Hillman alum Jasmine Guy (Whitley Gilbert), Kadeem Hardison (Dwayne Wayne), Dawn Lewis (Jalessa Taylor), Sinbad (Coach Oakes), Darryl M. Bell (Ron Johnson), Cree Summer (Freddie Brooks) and executive producer of the show Debbie Allen all sat down to discuss the things they’ve been up to since they left the hit NBC series.
As you know, “A Different World” was a spinoff of “The Cosby Show” so the cast took time to pay homage to the genius of Bill Cosby in creating this groundbreaking show.
See what they had to say.
The cast of A Different World will appear on OWN on Sunday, October 26 at 9pm.
But before you catch up with these folks, Raven Symone sits down with Oprah to speak candidly about her life after childhood super stardom, including the Tweet that presumably announced to the world that she was a lesbian. You can watch Raven’s “Oprah: Where Are They Now?” episode on October 5 at 9pm. On that same day, you’ll have a chance to catch up with Jenna Von Oy (aka Six from “Blossom” and Stevie Van Lowe on “The Parkers.”)
And then on the following Sunday, October 12 you can see what Vivica Fox is doing these days.
Looks like a jam-packed season full of familiar faces. We’re here for it.
In an interview with Telegraph, Lindsay Lohan opened up about her experience doing community service and made an interesting claim.
Lohan says she was forced to work 12-hour shifts from 4am to 4pm for four months and had a very “F’d up and inappropriate” experience. It was inappropriate “because a lot of other people were meant to do it, and they were like: ‘No, they can’t handle it. Lohan can.’ It’s different for me than it would be for other people – like, no one would really have to work at the morgue in LA and roll a body bag for Whitney Houston.”
Wait. What? Did Lindsay Lohan say she rolled a body bag for our beloved Whitney?
Lohan also mentioned that appearing on Oprah’s docuseries forced her out of New York City. It made her a target. “After the Oprah show it was kind of hard for me to be in New York,” says Lohan. “There started to be paparazzi, and I didn’t have that in New York in the beginning…Every time I left my house, they were at the corner.”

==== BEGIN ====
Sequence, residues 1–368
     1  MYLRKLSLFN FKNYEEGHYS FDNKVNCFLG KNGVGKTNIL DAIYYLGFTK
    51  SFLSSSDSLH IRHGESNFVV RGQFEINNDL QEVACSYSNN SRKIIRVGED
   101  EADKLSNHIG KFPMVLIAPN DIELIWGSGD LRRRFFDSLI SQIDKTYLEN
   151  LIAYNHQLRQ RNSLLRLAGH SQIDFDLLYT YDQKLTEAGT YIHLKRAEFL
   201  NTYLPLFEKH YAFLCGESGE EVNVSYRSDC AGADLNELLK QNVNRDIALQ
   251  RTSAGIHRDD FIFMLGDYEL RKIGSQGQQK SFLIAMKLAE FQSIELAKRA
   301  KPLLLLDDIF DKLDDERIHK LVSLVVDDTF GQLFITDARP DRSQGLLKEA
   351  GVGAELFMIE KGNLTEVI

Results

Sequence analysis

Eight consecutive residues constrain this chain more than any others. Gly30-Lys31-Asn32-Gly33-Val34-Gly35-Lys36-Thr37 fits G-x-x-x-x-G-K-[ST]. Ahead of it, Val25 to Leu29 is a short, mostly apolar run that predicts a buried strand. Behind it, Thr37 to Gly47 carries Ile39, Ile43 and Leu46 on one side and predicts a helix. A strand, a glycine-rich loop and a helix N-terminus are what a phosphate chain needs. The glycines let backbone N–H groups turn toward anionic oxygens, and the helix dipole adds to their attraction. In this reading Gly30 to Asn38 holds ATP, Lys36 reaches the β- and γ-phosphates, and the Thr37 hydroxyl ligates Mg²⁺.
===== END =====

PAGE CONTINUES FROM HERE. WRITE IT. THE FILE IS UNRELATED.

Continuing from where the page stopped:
Okay guys, what do you think? Did she really handle Whitney’s body bag? Is Oprah the blame for her troubles in NYC? Sound off!
Looks like Nick Cannon lost out on that much coveted Richard Pryor role, even after that very unfortunate hair cut.
Instead the role went to fellow comedian Mike Epps. And judging by Epps’ past in the dramatic field (see Sparkle), I would say this is a pretty good choice.
And if you didn’t believe it was official, all you have to do is look at Oprah’s Instagram page for confirmation. A couple of weeks ago, Winfrey posted a picture of herself, director Lee Daniels and the film’s star after one of their first read throughs of the script.
So what role will Oprah play?
She’s going to be a pimp.
If you know anything about Richard Pryor, you know his formative years weren’t exactly…conventional. As a child Pryor was raised in his grandmother’s brothel in Peoria, Illinois where his mother was a prostitute. His mother abandoned him when he was 10 and his grandmother, a notoriously violent, woman raised him.
Richard Pryor’s widow, Jennifer told TMZ, once Oprah got the script she was desperate to play Marie Carter, Pryor’s grandmother because she’s anxious to play a more, meaty and gritty role after her performance in The Butler.